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Hollywood Means Business: To 1948 Production Distribution Exhibition.

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Presentation on theme: "Hollywood Means Business: To 1948 Production Distribution Exhibition."— Presentation transcript:

1 Hollywood Means Business: To 1948 Production Distribution Exhibition

2 Who makes the image move? The Major Hollywood Studios ( ) Conglomerates (1970s-present), controlling: Movie studios Record companies Theater chains Amusement parks Video rental outlets And...

3 EARLY HISTORY OF THE MOTION PICTURE INDUSTRY Highly competitive with easy access for new business interchangeable products smallness of buyers & sellers in relation to market absence of artificial restraints accessibility of resources

4 THE MOTION PICTURE PATENTS COMPANY (MPPC) Thomas Edison formed MPPC (“the “Trust”) in 1908 as a PATENTS POOL  cooperative of leading U.S. and French film companies  dominated the film industry from  Successfully excluded small companies from the market

5 WHY did the MPPC fail?  Could not meet product demand  Some independent producers bought film stock from overseas  Some independent producers moved operations out of the NY and NJ area, eventually to California  Independent distributors set up a non-MPPC distribution network  Declared a monopoly in 1915 as the result of a 1912 anti-trust case brought by Fox

6 THE RISE OF THE HOLLYWOOD STUDIO SYSTEM ( ) From Monopoly (the MPPC) to Oligopoly (the Studio System)

7 The “Big Five” and the “Little Three” The “Big Five” or the Majors:  Warner Brothers  Paramount  20th Century Fox  Loew's (MGM)  RKO (owned by RCA) The “Little Three” or the Minors:  United Artists  Columbia  Universal

8 How did the Big Five control all three levels of the industry? VERTICAL INTEGRATION of  production  distribution  exhibition

9 Production PRODUCTION Studios produced 60% of all U.S. feature films and 75% of "A" films (blockbusters) Each studio produced about 50 movies/year Used factory principles of production: Centralized production and division and specialization of labor Standardization of product Graded films in terms of prestige

10 Distribution and Exhibition DISTRIBUTION 8 studios collected 95% of all national film rental fees Trade practices effectively closed the lucrative first run market to films made outside the studio system Block booking ensured profitability US films marketed in internationally through same studio controlled systems EXHIBITION Studio ownership of theatres created a need for studios to produce films for them Much money was invested in the building of theatres themselves, especially movie palaces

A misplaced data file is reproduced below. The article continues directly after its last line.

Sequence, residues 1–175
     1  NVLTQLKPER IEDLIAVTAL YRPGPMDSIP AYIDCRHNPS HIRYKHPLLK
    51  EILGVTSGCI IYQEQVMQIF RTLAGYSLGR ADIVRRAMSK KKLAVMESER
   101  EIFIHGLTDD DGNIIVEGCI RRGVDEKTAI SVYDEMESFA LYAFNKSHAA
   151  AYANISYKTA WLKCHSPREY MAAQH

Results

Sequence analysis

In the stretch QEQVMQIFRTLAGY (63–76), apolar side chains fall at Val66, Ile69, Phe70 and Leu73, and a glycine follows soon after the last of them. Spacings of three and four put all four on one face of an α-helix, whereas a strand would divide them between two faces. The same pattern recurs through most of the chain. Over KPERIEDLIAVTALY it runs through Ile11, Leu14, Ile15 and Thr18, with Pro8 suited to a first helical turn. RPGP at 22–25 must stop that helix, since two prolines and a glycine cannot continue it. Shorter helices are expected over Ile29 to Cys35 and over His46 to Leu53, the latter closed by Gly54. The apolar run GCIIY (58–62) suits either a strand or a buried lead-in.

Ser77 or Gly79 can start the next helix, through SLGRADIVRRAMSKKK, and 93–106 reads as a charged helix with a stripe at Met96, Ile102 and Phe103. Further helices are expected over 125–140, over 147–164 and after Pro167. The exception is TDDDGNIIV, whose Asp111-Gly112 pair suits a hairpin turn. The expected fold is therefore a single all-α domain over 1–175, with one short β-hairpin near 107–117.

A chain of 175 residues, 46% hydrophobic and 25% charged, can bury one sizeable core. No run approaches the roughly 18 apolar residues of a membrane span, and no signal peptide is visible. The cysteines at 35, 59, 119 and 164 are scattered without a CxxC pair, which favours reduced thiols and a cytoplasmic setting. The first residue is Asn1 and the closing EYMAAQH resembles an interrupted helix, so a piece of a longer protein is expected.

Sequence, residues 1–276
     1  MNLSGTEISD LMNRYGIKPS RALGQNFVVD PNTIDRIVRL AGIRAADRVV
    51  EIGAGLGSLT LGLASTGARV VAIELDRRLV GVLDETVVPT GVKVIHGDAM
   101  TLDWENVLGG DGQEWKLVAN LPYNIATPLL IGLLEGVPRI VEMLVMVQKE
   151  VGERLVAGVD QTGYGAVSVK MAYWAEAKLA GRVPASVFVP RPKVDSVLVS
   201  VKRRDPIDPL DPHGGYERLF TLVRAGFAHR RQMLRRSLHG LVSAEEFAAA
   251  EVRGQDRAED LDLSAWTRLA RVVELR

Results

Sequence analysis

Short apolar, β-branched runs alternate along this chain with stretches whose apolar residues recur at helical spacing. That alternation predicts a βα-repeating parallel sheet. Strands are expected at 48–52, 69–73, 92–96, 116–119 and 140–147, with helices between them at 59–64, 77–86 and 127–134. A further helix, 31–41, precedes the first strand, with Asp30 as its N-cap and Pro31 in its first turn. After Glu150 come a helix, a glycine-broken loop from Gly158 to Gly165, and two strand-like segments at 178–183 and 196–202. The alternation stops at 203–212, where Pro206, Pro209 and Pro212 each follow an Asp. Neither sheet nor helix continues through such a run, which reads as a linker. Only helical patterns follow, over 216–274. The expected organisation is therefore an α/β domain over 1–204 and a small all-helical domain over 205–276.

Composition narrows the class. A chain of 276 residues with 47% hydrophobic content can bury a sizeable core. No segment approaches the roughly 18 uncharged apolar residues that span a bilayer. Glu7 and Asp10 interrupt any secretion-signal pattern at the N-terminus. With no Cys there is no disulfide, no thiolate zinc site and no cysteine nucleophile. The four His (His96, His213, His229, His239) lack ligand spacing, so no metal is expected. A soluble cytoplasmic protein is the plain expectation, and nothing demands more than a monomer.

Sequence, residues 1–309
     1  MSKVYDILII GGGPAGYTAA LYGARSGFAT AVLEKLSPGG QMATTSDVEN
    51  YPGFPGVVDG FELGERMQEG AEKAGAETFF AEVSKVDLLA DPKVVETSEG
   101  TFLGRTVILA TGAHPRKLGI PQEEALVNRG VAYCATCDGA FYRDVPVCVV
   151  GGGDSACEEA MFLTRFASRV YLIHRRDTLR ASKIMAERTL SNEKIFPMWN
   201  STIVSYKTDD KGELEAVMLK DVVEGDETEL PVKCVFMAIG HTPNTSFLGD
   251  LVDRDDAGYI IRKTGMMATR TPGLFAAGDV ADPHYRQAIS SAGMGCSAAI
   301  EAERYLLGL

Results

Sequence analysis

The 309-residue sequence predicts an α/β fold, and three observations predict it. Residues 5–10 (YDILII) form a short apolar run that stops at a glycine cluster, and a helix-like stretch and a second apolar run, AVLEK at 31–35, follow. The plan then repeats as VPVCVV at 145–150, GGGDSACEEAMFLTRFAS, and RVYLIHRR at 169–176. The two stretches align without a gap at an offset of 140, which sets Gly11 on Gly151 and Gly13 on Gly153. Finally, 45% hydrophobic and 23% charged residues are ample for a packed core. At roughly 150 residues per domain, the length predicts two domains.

11 How did the studios control exhibition? Run First, second, third Zone Geographic coverage without overlaps Clearance Elapsed time between runs Block Booking Rental in packages of assorted films

12 How did this system work?

13 High Sierra: A Case Study An A feature, starring Bogart and Lupino Starts first run on January 25, 1941 Studio-run theaters in 100 large cities Ticket price=$1.00 to $1.25 Second run in May, 1941 Second run theaters (smaller cities) Ticket price=$.40 to $.75 Third run in Fall, 1941 Neighborhood and rural theaters Ticket price=$.25

14 Genre as a Marketing Device GENRE: category in which conventions regarding similar characters, scenes, structures and themes reoccur REGULATED DIFFERENCE: genres benefit the industry by allowing both product standardization and product differentiation

15 What Undermined the Studio System? Four major shifts occurred in the late 1940s:  Postwar Changes in Society  Families  Baby boom  Move to suburbs  The Rise of Television  The House Committee on Un-American Activities  The Paramount Decision of 1948

16 The Paramount Decision  In 1948, Supreme Court ruled the studios were in violation of the Sherman Anti-Trust Act, that they were restricting fair trade  Court ordered the Big Five studios to divest their theatre chains (“divorcement”)  Effect:  Studios cut their film production by half  This opened the way for independent producers, though that opening was short-lived

17 Thought for Today “The film is to America what the flag once was to Britain. By its means Uncle Sam may hope some day, if he is not checked in time, to Americanize the world.” --Unsigned Article, New York Morning Post, 1923


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